All these elements, along with an acutely recorded sound track, are intended to keep us from thinking that we are at an experimental venture. The very texture of the film insists that this story is figuratively in our society and is only one instance of extraordinary human behavior in that society. The Mother is not meant to uncover an endemic sexual secret. It simply tries to testify to possibilities that we may not think are possible.

At the start May and her husband are an unexceptional middle-class couple in their sixties who go to London to visit their daughters, one of whom is married and the other apparently divorced, both with children. May's husband dies suddenly of a heart attack, and she stays with Paula, the divorce. Construction is going on in Paula's house, in the hands of the thirtyish Darren, with whom Paula is having—in her view anyway—a serious affair. (To keep things complex, Darren is married and has a son.)

May likes Darren, and they become friends. Eventually impulses that she no longer cherished begin to stir in her. She makes the opening moves toward him, and Darren accepts. She is not attractive in any physical way--she calls herself "a shapeless old lump," which is an exaggeration though not a lie--but he responds to her, apparently out of curiosity. Perhaps, too, he gets a charge out of sleeping with his girlfriend's mother, despite her age. Unaware of the May-Darren encounters, Paula fixes up a date for her mother with an elderly man, and an unpleasant bedding occurs. After a time, however—not a very long time—Paula learns about Darren and her mother. (This happens through Kureishi's one arrant mechanism. May likes to sketch, and she has done some highly erotic sketches of herself and Darren. It is unlikely that she would have left her sketchbook on a table where Paula could find it.) Explosions follow. At the finish, May, after her revisit to younger life, is reconciled to the inevitable. The future of her relationship with her family is left open. But she has had a stay from exile into age.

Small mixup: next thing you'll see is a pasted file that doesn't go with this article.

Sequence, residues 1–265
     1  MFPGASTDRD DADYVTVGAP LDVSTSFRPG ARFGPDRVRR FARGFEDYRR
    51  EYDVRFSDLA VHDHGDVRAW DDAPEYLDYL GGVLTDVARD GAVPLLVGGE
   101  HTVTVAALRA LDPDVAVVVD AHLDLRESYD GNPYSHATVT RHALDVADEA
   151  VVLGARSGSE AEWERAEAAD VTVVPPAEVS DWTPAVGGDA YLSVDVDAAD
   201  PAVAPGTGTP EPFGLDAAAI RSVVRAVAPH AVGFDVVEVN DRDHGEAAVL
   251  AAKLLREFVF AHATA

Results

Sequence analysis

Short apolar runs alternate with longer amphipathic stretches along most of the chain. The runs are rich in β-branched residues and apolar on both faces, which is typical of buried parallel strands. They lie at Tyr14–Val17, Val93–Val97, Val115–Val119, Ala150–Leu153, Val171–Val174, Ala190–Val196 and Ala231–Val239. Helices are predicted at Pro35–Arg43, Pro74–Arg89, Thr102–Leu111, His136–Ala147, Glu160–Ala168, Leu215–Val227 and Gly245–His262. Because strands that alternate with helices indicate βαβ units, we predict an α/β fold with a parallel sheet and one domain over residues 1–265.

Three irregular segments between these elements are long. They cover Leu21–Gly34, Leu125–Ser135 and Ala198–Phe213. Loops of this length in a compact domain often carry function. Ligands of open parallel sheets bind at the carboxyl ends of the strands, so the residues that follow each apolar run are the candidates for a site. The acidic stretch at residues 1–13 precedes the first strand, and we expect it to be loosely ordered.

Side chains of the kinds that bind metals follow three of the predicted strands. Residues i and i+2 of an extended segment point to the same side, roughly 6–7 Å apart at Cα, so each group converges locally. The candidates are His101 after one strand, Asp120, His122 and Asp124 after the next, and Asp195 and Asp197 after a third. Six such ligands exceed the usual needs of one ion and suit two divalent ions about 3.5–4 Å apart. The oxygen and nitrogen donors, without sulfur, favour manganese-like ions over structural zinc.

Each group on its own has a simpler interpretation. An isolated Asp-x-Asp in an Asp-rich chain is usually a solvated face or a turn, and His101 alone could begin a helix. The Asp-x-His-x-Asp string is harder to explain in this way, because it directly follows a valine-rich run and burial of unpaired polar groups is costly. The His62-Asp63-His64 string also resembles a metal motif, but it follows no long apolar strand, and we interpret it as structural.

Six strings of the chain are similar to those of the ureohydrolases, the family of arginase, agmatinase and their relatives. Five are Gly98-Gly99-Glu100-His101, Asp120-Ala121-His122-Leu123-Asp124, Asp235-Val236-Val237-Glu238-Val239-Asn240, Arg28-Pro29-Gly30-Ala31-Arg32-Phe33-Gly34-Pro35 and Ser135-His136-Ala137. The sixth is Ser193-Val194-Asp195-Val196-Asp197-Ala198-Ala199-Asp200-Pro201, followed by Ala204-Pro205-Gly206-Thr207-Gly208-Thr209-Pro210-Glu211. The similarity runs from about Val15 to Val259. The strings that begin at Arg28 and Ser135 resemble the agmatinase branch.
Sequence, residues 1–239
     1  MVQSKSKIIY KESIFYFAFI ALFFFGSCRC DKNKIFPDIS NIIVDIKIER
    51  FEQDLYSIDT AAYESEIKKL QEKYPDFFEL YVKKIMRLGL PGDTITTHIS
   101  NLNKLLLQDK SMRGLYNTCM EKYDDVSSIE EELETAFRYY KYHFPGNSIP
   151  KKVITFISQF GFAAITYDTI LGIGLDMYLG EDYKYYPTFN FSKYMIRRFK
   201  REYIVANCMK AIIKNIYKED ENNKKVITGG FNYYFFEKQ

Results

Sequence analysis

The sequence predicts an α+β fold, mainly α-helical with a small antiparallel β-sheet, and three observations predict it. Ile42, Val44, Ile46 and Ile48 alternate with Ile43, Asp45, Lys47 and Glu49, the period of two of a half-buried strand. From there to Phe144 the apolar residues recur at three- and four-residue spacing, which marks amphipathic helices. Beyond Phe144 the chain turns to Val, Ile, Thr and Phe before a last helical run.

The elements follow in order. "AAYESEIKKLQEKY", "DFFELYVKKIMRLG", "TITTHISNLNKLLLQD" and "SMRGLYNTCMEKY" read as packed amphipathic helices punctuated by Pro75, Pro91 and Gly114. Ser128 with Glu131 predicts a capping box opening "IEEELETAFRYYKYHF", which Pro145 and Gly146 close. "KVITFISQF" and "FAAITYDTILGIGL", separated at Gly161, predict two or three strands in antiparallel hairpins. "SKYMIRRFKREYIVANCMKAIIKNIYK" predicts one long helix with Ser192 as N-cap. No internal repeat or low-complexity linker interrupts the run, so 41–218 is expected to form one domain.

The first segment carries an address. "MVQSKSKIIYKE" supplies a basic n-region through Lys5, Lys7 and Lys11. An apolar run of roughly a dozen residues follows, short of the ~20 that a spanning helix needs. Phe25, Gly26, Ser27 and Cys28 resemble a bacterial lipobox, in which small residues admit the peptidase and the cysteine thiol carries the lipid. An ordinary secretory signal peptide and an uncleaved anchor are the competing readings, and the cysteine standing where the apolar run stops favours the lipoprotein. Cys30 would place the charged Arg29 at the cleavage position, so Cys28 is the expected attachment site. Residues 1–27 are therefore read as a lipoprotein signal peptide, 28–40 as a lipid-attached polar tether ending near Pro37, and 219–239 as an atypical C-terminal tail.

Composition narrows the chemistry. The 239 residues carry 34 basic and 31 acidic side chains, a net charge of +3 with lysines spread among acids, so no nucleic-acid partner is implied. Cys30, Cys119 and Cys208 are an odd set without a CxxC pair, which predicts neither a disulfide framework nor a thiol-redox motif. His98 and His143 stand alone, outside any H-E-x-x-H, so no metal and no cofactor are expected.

Affairs between older women and younger men are not new in films—witness Hal Ashby's Harold and Maude and Rainer Fassbinder's Fear Eats the Soul. But those stories didn't have all the complications of The Mother. This film holds and convinces, even evokes empathy, because of Anne Reid, an actress long experienced in British television and film. She gives May intelligence and spirit and a somewhat genteel wonder at the resurging of desire. Reid helps us to understand May's behavior. Darren is played by Daniel Craig, who was Ted Hughes in Sylvia and is still burning. And, as noted, the director and designer of the film have provided a texture that encloses it in seriousness and weight.